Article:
Dexter was beside himself. "You'd do that!" he almost shouted. "You'd go off with that cad? That greasy bounder? You care
that
much for that scribbling climber? That pompous show-off? That ... poetaster?"

"It would be you who had driven me to find out how much I cared!"

He saw that he would have to interrupt her game. She was having much too good a time provoking him.

"Let's sit down and discuss this," he said in a more reasonable tone, and they both sat, or rather perched, on the edge of the ottoman. "Let me draw you a picture of what your life would be like in Venice."

"Oh, I haven't settled on Venice."

"Venice, Florence, Paris, it doesn't matter. To begin with, you wouldn't be received by any respectable people."

"How dreadful!"

"You say that now, because you take dull, respectable people for granted. You can afford to despise them. But dull respectable people can assume a very different look when they slam their doors in your face."

"We'd see the real people. The artists and writers."

"You mean the would-be artists and writers. The hacks. The failures. The good ones are just as anxious to get into society as anyone else. But pass that for the moment. What would you live on?"

"Why, just what I mostly live on now, thank you very much. My own trust fund."

"Your father has the discretion to withhold the income. How much do you think he'd pay to support you in that kind of menage? And what about little Kate? Do you think for a moment that Charley would allow his daughter to be brought up abroad by you and your ... your..."

"My paramour!" Annie clasped her hands exultantly.

"I can't even utter the word. And how will Bleeker react when he finds out that his ticket to society, his greatest asset, has turned herself into his greatest liability? How long do you think he'll stick?"

"Longer than you think. You underestimate my charms."

"I have never underestimated your charms! But the combined charms of Cleopatra and Helen of Troy couldn't hold a man like Bleeker under those circumstances!"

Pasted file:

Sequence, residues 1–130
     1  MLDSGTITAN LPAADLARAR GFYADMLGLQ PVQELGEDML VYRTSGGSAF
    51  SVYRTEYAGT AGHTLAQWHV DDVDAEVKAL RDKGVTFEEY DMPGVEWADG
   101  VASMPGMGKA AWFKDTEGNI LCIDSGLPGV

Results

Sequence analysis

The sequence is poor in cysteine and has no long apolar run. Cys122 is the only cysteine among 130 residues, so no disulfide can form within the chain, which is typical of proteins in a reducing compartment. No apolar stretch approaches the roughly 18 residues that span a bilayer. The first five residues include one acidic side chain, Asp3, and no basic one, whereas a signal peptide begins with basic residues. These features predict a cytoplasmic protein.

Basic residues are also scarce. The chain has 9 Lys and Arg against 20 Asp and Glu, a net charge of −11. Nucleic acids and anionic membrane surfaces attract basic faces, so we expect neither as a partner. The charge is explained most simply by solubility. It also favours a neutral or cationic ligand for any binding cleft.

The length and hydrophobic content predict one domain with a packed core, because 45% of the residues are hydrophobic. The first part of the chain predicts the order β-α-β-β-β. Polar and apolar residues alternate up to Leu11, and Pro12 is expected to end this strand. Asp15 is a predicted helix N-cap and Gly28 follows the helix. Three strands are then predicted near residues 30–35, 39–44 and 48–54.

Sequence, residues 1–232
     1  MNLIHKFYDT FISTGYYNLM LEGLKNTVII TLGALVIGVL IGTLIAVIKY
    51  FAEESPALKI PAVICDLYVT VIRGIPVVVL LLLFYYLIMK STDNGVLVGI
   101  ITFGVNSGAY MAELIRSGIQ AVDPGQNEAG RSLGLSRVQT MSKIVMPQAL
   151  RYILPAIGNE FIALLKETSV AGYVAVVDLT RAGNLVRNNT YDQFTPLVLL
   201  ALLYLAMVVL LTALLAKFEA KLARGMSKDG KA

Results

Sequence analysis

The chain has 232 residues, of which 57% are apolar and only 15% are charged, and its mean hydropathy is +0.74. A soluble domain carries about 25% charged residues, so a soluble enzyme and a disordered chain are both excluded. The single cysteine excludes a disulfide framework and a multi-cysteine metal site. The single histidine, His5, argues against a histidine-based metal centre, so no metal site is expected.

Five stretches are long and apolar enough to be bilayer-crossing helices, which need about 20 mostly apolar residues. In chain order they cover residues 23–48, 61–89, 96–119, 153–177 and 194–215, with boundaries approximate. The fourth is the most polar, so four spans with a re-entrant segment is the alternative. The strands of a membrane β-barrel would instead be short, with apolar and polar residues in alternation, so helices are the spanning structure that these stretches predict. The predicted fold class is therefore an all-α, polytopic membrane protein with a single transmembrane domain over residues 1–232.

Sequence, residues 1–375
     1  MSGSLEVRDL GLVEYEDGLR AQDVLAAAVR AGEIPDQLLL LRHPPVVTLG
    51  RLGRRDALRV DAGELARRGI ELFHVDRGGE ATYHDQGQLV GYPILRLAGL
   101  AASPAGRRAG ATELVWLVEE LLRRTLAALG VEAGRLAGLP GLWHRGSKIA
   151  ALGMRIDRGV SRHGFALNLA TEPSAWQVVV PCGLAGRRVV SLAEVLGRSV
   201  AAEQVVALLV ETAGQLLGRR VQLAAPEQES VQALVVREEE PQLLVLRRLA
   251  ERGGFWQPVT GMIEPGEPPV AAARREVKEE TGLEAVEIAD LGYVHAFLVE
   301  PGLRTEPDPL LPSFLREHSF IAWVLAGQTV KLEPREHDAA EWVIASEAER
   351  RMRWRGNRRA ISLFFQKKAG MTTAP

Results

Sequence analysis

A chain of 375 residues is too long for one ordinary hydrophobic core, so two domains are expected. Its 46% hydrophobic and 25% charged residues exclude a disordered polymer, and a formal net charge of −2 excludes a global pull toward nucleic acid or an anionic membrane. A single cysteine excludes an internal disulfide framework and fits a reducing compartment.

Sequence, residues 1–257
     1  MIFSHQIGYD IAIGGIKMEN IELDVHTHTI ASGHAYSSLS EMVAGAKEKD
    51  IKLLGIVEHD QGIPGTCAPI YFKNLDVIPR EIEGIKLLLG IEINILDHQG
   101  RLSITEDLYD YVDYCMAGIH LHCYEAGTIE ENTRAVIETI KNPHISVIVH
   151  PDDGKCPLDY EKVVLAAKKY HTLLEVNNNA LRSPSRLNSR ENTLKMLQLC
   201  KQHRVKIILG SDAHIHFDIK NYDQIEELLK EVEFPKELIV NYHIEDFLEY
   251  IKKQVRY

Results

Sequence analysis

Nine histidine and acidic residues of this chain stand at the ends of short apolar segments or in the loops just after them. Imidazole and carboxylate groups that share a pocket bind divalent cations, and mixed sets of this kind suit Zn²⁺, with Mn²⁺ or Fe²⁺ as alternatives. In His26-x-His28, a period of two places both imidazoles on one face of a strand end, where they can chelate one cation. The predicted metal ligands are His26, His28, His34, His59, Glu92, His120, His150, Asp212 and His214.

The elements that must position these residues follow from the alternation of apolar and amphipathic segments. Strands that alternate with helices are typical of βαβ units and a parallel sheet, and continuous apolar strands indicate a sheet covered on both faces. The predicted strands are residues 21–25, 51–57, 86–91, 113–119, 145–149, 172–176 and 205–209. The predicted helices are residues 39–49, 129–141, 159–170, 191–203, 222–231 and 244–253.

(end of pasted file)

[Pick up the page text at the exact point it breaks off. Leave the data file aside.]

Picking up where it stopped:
"Ah, there you're wrong." Annie shook her head now with something like gravity. "Poor Juley. I think he really loves me. No, it would not be he who would be the first to crack." For several moments she contemplated her hands, folded in her lap. "You paint a dismal picture."

"I am only trying to spare you the cruelty of such an experience."

Suddenly, startlingly, she was weeping. Her head was bent forward, and her thin shoulders were shaking. Only the horrid vision of an embrace as Bleeker's way of comforting her kept him from putting his arms around her. And then she was suddenly on her feet again, striding rapidly back and forth across the gallery. Her voice was angry, cutting.

"My life is so ... abject! So unutterably abject. What in God's name am I to
do?
It's all very well for you to lecture me about morality, but what do you do to help me? You talk about respectable people slamming doors in my face, but isn't that just what you're doing? Why should it matter to me whether they slam them in New York or in Venice? All I know is that that's what doors seem to be for!"

Dexter rose and held his arms out to her pleadingly. "Annie, listen to me. You have a mind. A beautiful mind. You've studied art and music. You've traveled in Europe. Just now you compared me to a Gothic tympanum. How many women in New York would even know what a Gothic tympanum is? Doesn't the life of the intellect offer you
any
satisfaction? You used to be a great reader."

"So that's what good people do? They read! And what do you suppose they read about? What the bad people are doing!" When he looked blank at this, she continued indignantly, "Well, isn't that what all those books were about that you used to give me?
Jane Eyre
and
Wuthering Heights
and
The Scarlet Letter?
Passion and adultery and bigamy?"

"But those novels all point out the disastrous effects of those things!"

"But the disasters come
after.
Maybe the passion was worth it."

Dexter stared at her in dismay. "Surely you don't mean that you have really so misconstrued those writers as to suggest that...?"

"Let me change the target." Annie had no idea of being trapped in a literary debate. "Do books and art and music mean that much to
you
? Do Harriet Beecher Stowe and the Italian opera make up to you for the dullness of your life with Rosalie?"

Dexter turned away quickly. He did not even know quite whom he was protecting by hiding the pain that he knew must be showing in his face: Rosalie, himself or even Annie. All he was sure of was that it was somehow not to be borne that his life with Rosalie should be described in that way.

"Oh, Dexter, now I've hurt you! I didn't really mean to. But you put me in a position where I have no alternative. I
have